Vectron train protection concept – ingeniously modular
Today, railway companies that want to operate across national borders in Europe need to equip their locomotives with different national train protection systems. This is because the standardized European train protection system ETCS is currently only installed on selected cross-border corridors. Vectron’s modular train protection concept is designed to take into account national needs as well as future ETCS requirements, guaranteeing flexibility for Europe’s system – today and in the future.
Current situation: More than 20 incompatible train protection systems
For historical reasons, Europe today has a variety of different national train protection systems. As a result, for cross-border rail transit, the installation of all national systems of the countries through which it passes is essential. This means that the vehicle equipment must take into account all national networks, including cross-border traffic. In addition, the standard European train protection system ETCS is being phased in on selected corridors and will gradually replace the national systems. This calls for a vehicle that can be easily adapted to new circumstances. After all, in order for a locomotive to be a sound investment for the future, it must offer operators the flexibility to adapt to changing traffic flows. The Vectron’s train protection concept takes all these requirements into account.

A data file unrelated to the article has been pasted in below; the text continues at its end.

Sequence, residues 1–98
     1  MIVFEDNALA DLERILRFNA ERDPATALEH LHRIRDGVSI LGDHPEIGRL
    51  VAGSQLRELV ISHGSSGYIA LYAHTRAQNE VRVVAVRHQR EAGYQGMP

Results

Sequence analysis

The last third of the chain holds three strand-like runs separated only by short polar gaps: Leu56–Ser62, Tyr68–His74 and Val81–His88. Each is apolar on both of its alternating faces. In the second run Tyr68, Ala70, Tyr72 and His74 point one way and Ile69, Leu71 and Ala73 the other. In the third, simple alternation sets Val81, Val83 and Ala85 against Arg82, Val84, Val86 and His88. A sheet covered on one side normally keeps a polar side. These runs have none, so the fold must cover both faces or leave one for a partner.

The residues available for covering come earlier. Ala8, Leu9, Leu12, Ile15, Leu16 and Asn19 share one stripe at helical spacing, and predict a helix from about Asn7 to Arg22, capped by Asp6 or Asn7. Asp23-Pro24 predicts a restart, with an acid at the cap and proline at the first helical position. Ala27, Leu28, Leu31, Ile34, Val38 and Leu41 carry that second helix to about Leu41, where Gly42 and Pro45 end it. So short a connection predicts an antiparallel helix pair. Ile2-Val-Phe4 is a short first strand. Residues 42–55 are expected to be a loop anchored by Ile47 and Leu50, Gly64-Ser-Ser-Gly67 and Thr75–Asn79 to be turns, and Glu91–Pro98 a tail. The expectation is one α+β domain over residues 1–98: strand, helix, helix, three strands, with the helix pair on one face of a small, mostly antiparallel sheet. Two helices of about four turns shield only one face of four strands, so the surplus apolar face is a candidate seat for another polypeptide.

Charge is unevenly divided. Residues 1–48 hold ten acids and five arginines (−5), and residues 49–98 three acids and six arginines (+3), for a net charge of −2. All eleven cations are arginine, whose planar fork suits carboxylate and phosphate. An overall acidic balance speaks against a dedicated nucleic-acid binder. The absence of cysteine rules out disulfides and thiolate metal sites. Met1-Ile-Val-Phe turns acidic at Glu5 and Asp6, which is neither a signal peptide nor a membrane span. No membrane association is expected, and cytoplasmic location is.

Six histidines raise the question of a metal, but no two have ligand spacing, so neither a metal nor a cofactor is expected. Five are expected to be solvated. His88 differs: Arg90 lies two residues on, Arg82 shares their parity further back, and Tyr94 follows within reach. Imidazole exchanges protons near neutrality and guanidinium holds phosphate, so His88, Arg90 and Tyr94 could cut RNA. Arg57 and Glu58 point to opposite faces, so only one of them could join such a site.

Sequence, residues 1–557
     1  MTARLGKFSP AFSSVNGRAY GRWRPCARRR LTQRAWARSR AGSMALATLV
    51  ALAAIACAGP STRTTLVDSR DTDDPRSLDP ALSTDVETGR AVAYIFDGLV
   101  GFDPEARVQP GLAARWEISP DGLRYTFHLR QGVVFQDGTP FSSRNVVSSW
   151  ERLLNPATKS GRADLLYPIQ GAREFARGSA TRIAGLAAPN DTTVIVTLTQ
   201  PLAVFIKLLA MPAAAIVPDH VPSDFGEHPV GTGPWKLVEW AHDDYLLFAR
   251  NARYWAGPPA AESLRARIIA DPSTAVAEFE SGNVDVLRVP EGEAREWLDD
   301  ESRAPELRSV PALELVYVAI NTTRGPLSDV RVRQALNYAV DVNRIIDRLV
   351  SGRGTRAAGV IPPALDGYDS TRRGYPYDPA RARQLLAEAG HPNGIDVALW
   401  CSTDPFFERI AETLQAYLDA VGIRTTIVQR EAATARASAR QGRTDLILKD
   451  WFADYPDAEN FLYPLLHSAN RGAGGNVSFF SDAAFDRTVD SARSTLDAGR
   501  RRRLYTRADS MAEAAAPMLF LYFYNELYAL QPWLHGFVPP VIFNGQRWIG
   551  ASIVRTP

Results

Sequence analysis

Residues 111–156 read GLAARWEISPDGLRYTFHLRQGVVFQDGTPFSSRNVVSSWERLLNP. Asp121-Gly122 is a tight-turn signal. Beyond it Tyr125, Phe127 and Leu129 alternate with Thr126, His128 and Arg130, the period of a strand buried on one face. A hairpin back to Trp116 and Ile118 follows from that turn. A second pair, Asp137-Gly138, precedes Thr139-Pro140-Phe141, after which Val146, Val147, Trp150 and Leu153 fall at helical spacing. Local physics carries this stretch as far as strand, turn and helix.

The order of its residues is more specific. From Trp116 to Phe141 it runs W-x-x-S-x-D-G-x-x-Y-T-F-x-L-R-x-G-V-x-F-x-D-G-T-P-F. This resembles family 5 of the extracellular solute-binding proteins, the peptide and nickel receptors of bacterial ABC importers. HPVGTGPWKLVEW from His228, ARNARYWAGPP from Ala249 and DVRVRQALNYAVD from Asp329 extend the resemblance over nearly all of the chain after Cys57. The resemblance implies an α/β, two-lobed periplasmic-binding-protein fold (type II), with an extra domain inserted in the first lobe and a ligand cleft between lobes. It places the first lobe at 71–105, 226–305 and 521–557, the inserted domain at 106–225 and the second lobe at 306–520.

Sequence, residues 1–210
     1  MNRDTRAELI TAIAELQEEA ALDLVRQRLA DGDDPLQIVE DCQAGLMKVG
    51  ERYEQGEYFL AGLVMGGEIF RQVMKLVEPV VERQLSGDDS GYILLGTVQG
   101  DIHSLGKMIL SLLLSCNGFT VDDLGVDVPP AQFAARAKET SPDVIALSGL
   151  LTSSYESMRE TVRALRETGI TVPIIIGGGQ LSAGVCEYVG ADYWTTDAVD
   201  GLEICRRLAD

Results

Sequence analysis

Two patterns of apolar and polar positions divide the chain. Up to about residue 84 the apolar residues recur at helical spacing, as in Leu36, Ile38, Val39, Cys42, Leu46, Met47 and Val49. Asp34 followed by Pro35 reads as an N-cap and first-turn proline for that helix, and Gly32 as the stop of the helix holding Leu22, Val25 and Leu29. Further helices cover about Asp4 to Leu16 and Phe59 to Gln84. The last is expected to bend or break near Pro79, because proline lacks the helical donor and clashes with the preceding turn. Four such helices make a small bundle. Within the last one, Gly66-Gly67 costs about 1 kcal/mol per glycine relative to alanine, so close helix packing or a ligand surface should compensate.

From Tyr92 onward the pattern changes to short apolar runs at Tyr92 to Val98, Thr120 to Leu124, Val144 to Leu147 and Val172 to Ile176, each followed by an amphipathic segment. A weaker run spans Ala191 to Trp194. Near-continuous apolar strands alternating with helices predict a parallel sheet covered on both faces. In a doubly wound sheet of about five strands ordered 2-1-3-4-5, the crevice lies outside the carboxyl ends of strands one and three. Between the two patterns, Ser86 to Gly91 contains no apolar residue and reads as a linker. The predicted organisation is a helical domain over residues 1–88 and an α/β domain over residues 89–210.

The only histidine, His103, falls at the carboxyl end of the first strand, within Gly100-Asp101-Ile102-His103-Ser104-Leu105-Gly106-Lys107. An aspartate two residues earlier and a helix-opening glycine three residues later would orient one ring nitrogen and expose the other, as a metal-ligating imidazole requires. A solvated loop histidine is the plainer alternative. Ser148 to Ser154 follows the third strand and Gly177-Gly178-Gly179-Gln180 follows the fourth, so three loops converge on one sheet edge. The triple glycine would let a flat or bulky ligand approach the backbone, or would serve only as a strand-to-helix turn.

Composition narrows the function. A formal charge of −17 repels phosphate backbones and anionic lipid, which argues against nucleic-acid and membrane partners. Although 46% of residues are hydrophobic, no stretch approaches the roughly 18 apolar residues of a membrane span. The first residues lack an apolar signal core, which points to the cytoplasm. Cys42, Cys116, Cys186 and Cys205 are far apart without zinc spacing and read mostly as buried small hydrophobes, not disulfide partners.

Train protection concept with borderless flexibility
Vectron is the first locomotive to offer borderless flexibility by allowing for future conversions to other train protection systems from the very beginning. This is possible thanks to the modular configuration that can be developed into a maximum system combining national as well as ETCS solutions.
Example: conversion between two corridors
The corridor from Rotterdam to Genoa along the Netherlands-Germany-Switzerland-Austria-Italy route (also abbreviated as D-A-CH-I-NL) links the Dutch seaports, but also northern Italy with central Europe. The corridor from Germany to Romania via Austria and Hungary (abbreviated as D-A-HU-RO) connects central Europe with the port of Constanta. The comparison shows how Vectron enables trains to operate in both corridors.